KNOXVILLE MERMAID | Kirkus Reviews


An old fisher recalls almost catching a mermaid in this debut picture book.

The story begins by describing hidden creeks that run beneath Knoxville, Tennessee. The unnamed narrator describes seeing a mermaid in one of the creeks, snatching away bread the narrator was feeding to a school of carp. Later, the narrator, revealed as a grandparent regaling children with the tale, recalls almost catching a mermaid during a flood. The mermaid escapes and, in a beautiful final image, is reunited with her nursing mother and baby sibling. Deal’s otherworldly ink-and-paint illustrations give a surreal aspect to even mundane subjects, such as the pollution featured prominently in the images of these creeks. Scott’s text combines repeated rhyming phrases after sections of nonrhyming poetic text that describe “green-eyed carp” and “halls of moss and snakeskin.” Both the text and imagery play up the mysterious beauty of these forgotten places, but the story’s overall intention is elusive. The garbage in the river is a clear problem, but it’s never mentioned by the narrator, and the fisher is punished for trying to catch the mermaid when she bites him, but otherwise the story passes no judgment.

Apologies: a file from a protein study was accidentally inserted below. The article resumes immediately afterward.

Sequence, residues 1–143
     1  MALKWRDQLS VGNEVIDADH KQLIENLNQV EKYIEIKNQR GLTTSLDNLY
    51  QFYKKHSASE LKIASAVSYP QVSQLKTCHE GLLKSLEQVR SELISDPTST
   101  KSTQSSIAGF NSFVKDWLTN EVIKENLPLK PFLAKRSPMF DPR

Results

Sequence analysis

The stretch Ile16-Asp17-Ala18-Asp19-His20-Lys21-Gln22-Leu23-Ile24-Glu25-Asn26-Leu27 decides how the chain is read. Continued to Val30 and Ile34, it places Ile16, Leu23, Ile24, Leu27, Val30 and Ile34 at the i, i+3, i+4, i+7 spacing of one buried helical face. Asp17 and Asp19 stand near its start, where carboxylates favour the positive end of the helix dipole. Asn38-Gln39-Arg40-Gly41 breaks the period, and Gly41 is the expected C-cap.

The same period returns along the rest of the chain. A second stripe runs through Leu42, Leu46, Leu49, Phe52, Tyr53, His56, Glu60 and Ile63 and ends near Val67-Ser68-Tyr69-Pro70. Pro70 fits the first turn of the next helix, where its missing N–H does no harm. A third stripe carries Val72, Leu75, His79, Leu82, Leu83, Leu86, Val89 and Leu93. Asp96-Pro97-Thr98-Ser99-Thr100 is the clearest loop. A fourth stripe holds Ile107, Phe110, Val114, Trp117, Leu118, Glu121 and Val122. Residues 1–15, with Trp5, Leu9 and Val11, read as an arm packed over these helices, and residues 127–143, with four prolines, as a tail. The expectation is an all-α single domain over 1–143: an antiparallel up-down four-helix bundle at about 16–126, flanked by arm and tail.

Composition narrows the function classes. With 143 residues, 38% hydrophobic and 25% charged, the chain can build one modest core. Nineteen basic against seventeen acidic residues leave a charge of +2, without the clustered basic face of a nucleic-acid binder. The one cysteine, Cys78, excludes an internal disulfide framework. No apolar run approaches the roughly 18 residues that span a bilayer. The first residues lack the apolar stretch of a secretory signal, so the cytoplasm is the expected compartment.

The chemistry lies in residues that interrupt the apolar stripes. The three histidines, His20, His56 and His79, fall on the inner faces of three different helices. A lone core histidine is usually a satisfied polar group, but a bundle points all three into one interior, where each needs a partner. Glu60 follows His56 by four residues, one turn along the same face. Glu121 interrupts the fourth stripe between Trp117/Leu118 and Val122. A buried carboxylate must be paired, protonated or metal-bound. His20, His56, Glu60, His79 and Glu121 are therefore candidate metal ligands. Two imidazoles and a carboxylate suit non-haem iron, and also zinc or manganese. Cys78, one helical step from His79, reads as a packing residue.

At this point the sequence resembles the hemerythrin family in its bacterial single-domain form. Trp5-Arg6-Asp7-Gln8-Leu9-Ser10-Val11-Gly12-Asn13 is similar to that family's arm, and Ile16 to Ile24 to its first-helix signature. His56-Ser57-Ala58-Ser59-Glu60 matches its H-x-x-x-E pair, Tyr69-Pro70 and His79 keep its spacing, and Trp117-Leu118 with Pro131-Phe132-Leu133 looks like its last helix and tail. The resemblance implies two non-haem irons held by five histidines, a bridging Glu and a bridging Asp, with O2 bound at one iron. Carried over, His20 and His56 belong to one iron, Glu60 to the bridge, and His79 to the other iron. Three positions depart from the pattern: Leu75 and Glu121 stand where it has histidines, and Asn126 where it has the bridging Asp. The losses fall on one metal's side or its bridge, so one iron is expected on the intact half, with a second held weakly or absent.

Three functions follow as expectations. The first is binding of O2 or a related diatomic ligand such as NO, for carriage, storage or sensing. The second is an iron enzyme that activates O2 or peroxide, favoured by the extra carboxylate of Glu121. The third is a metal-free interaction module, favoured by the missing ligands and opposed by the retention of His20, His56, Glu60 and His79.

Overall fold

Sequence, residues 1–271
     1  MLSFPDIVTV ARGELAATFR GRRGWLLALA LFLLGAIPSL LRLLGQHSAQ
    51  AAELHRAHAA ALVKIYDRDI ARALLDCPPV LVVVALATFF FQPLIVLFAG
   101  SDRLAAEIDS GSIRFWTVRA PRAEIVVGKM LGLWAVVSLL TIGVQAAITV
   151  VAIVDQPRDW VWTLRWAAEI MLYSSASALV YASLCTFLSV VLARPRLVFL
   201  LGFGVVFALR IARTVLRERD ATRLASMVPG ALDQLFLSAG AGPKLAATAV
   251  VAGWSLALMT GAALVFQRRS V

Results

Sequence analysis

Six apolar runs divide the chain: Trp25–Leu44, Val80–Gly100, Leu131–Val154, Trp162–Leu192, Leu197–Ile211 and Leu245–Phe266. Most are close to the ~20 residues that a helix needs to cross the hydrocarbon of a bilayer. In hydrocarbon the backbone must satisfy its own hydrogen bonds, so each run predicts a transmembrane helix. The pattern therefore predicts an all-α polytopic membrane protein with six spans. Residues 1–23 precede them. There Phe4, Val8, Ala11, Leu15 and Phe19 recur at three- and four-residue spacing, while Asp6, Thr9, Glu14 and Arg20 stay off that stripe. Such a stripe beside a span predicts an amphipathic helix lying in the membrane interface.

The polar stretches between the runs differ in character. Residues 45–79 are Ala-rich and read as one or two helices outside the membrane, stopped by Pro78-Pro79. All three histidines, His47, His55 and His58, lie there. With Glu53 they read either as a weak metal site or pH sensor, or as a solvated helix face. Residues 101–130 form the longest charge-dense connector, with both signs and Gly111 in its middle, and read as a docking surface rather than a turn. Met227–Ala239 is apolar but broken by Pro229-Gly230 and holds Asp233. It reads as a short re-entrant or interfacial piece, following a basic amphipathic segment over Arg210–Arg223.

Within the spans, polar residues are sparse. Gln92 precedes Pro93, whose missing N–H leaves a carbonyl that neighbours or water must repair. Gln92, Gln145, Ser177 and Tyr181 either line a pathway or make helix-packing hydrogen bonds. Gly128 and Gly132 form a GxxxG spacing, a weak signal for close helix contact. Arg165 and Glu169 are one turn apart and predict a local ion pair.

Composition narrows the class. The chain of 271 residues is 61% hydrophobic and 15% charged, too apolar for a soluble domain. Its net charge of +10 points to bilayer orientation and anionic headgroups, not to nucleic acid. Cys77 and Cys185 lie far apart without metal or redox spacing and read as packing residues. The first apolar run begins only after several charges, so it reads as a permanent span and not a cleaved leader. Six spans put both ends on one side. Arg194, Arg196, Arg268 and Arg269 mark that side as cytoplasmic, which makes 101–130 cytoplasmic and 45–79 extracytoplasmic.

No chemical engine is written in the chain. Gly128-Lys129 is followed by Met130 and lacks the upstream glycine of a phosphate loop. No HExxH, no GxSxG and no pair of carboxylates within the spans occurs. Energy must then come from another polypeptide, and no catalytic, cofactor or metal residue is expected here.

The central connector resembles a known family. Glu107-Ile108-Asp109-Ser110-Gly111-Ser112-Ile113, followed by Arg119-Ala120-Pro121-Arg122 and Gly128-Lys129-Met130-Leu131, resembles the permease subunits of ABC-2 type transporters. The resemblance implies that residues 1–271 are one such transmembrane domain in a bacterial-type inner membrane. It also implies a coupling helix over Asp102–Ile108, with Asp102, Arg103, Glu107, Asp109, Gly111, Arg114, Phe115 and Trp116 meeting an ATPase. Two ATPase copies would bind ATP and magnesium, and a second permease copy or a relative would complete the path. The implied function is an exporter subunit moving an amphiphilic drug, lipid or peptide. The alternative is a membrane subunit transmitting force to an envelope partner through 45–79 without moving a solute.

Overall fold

This book uses intriguing imagery to build a magical world, but it never settles on a clear message.

Pub Date: today

ISBN: N/A

Page Count: 32

Publisher: Part Flamingo Press

Review Posted Online: April 27, 2020





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